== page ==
I don't like Farmers markets. There, I said it. They stress me out. I hate to admit this because I am enamored with the idea of them, but that's about where it ends. Even their spelling freaked me out back in editing class--Farmer's? Farmers'? Farmers!
I don't mind the booths where you just walk up and order some food because that's a process I, as a 25-year-old American female who drove to Dunkin' Donuts every day of her 15th year, am very familiar with. Order food, pay for food, wait for food, walk away. I get it. That makes sense. What doesn't make sense to me, however, is walking up to a booth filled with 437 types of leaves and then responding to the expectant stares of the growers of said leaves who think I have something intelligent to say to them. I don't know the difference between these leaves, Mr. Farmer Man. I desperately wish I did, but truth be told I don't even know how to order them. Can I just point to 7 different ones and say, "I'll take one of each, thank you very much"? Or is picking seven in poor taste? How many leaves does one need? Should I ask where they came from? Does the color gradation make a difference in taste? Is $5 a good price for one leaf? Can I use my debit card? Should I sample the leaf first? There are just way too many variables! I can't take the pressure!
Instead of trying it out and learning from my mistakes like my terrified 15-year-old self did at the drive-through, I smile awkwardly at the person selling leaves and briskly walk to the next booth knowing that they know that I know that I'm going to buy pesticide-covered broccoli pre-chopped in a plastic bad from Safeway later. I guess my favorite part is the free samples. Even that stresses me out a little though. What if someone just left their wide variety of sugar and cayenne pepper crusted pecans out on accident? What if the last person who took some just got done blowing their nose before neglecting to use the scoop? Even if they did use the scoop, chances are I'm going to forget which hand I used to hold the scoop handle last time and lick their boogers anyway. I don't like fighting my way through crowds and seeing people push their tiny dogs in strollers. I do like looking at the little babies trying to toddle around but I can't play with them anyway and I get scared some stroller dog is going to accidentally knock them over.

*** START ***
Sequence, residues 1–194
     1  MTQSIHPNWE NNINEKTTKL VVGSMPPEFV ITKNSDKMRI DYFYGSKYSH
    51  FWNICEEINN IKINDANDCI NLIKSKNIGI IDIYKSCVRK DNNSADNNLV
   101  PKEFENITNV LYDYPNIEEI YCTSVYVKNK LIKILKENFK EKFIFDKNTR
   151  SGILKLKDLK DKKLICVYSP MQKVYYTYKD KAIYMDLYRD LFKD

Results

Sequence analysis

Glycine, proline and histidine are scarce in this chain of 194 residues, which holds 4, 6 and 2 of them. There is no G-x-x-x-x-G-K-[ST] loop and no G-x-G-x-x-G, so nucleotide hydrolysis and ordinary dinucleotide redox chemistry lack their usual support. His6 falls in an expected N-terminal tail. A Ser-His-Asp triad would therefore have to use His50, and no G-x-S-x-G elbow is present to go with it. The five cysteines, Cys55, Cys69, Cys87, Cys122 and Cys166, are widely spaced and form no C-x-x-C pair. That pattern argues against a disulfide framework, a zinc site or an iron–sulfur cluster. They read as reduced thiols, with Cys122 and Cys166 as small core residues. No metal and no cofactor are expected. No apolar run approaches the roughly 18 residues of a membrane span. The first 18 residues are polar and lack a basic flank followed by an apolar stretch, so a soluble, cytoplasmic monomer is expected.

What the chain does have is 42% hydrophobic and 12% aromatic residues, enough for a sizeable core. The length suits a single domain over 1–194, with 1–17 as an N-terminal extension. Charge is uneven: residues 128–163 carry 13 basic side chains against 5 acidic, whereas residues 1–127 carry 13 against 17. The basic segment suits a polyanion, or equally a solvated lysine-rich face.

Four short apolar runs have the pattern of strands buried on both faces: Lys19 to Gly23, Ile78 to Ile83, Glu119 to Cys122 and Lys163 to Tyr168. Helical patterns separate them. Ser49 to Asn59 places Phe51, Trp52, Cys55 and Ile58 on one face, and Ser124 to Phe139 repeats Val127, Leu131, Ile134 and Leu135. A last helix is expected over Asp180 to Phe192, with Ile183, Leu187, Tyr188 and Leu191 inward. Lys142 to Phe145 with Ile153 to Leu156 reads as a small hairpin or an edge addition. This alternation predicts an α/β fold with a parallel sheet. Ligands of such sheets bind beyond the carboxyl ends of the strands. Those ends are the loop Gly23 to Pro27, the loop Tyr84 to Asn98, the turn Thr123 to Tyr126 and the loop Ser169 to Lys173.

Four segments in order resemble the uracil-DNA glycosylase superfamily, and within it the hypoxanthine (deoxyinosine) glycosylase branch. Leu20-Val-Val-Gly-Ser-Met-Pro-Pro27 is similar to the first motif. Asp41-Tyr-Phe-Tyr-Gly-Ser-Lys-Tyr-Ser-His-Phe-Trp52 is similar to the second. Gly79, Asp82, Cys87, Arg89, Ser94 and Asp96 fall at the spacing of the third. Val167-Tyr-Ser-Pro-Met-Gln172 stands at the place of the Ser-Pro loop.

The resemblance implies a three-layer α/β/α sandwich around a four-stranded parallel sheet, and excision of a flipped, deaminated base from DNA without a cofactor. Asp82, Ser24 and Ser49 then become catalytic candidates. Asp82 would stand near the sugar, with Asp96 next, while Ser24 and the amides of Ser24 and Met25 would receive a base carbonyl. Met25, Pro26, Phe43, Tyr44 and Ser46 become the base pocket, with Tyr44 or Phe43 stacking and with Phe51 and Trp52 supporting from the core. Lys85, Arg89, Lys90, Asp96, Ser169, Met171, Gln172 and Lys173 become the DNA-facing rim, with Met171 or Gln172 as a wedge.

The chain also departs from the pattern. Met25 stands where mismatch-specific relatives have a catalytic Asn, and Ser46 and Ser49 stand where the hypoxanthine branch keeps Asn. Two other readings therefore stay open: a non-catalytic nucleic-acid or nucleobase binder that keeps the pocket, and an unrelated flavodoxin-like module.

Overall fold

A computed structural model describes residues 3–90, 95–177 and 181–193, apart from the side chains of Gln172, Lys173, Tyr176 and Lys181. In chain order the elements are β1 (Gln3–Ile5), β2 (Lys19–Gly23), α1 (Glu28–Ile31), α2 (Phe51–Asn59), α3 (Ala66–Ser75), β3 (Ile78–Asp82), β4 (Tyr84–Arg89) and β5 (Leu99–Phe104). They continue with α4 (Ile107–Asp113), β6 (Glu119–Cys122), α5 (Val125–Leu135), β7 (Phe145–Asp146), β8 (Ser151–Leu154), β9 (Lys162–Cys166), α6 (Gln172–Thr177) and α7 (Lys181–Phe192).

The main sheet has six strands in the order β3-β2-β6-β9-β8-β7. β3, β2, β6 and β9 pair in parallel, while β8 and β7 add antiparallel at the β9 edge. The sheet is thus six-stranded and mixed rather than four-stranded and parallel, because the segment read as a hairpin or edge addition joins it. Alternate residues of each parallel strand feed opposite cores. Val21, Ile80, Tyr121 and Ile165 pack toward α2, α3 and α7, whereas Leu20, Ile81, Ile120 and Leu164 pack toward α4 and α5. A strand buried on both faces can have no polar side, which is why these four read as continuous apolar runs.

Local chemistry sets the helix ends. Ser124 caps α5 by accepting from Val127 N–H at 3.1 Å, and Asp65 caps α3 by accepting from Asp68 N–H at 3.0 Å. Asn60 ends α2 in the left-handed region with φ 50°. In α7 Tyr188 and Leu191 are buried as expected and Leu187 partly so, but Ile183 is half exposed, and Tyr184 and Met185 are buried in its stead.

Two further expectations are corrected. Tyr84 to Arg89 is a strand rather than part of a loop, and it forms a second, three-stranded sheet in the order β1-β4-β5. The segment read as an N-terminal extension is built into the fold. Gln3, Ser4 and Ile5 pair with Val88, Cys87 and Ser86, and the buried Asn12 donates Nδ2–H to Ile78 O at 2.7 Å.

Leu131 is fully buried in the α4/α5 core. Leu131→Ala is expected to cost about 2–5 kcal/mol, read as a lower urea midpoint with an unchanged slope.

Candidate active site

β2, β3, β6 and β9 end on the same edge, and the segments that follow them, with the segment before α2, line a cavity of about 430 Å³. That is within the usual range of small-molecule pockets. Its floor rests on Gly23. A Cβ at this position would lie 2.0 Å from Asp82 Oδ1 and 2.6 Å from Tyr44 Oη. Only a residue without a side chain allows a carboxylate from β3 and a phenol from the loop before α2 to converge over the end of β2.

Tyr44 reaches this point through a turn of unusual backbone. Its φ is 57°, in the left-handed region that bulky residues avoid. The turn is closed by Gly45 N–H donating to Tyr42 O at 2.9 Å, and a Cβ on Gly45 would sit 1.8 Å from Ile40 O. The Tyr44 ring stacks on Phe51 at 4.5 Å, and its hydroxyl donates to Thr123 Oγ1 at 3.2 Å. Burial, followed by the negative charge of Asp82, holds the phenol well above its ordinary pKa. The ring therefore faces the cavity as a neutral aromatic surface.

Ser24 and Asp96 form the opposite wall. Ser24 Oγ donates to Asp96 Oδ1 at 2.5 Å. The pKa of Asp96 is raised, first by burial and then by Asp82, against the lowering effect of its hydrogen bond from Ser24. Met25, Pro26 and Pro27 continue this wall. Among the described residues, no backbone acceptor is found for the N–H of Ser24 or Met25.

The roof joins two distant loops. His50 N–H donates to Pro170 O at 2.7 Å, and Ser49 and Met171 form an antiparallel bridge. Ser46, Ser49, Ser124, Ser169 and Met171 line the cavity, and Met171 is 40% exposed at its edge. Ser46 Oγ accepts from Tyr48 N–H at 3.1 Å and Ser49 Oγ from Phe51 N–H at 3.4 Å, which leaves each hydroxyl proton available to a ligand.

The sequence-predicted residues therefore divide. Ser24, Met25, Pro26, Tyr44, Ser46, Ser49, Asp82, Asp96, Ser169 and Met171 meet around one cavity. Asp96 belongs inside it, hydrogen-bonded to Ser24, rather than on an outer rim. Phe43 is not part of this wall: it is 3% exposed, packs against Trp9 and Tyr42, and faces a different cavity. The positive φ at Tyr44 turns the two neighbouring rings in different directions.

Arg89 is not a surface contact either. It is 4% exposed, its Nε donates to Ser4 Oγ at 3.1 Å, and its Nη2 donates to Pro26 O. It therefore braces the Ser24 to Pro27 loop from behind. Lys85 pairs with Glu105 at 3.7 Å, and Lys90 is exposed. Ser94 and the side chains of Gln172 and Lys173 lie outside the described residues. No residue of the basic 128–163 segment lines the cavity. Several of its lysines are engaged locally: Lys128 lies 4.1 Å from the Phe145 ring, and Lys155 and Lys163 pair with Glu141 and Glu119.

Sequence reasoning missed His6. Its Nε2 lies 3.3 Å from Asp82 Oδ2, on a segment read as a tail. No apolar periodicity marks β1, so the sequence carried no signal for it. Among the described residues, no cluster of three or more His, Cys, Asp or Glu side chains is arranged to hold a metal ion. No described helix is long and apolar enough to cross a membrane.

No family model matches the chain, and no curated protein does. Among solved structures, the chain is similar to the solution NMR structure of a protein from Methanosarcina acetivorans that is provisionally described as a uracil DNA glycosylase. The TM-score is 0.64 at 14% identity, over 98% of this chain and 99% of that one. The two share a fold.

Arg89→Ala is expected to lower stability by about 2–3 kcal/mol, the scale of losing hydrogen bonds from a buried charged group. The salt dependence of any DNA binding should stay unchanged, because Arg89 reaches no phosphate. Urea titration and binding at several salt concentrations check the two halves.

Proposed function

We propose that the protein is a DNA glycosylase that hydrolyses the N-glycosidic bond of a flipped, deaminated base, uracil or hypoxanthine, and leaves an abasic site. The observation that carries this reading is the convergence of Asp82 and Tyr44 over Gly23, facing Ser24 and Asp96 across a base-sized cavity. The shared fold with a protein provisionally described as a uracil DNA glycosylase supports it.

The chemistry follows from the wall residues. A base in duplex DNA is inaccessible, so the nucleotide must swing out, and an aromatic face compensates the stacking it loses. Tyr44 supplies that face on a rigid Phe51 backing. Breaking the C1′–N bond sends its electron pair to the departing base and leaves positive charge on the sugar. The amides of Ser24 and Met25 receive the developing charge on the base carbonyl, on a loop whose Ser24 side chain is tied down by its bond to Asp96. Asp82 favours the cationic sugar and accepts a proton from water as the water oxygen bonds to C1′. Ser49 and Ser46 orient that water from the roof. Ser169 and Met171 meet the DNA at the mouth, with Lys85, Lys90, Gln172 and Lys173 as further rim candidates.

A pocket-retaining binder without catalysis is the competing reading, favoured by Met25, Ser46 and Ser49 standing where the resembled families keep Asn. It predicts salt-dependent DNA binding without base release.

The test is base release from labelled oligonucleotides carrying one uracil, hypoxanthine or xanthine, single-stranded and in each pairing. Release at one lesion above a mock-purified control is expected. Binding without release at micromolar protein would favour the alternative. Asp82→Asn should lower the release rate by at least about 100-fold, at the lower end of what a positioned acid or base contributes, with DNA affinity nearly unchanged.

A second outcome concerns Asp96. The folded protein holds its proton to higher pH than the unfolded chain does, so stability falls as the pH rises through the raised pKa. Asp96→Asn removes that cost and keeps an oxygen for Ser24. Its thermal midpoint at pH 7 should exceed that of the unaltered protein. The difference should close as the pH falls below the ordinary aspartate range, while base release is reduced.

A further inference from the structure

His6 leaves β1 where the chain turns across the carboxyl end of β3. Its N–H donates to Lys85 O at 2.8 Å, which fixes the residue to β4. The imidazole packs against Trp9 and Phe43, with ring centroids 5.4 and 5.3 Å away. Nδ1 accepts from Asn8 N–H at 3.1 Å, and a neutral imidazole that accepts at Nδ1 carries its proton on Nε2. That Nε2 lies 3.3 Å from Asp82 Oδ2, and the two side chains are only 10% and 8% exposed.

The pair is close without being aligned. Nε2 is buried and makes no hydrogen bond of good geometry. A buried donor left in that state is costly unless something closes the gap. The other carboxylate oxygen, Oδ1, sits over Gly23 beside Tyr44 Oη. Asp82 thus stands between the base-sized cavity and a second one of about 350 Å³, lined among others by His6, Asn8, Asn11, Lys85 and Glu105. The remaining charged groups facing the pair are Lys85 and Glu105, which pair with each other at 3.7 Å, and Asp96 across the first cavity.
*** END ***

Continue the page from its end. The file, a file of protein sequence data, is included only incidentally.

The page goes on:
Last time I went to the farmers market they wouldn't even let my dog into the market area. There is a significant medium-to-large-dog-ist attitude in this country. Everyone hates on little dogs in everyday conversation but when it comes down to it, guess who gets to sit in the stroller getting pet by strangers about to dunk their hands into communal kettle corn and guess who has to sit in the hot-as-balls car with no water? That's right, my medium-sized beagle mutt is the one having a heat stroke in the car while I'm sampling 17 varieties of blood oranges. They all taste the same, y'all.
I'm certain my distaste for this craze has nothing to do with sustainable farming or buying local and everything to do with my discomfort in crowds and crippling self-doubt when it comes to the unfamiliar. Remember my carwash debacle? Same thing. I'm paralyzed by unfamiliar options. Watch me try to navigate the vitamin section at Whole Foods, I dare you. You'll have a good laugh as the annoyed yogis practice deep breathing while my face turns beet red (there's most likely a supplement for that--try baboon anal gland extract and never blush again!)
None of this is going to keep me from actually going to farmers markets, mind you. Chances are I'll come across one that turns this whole thing around for me any day now, but for now since it's Wednesday and all, I figured I'd get this confession off my chest.
Go link up your confessions with Melissa.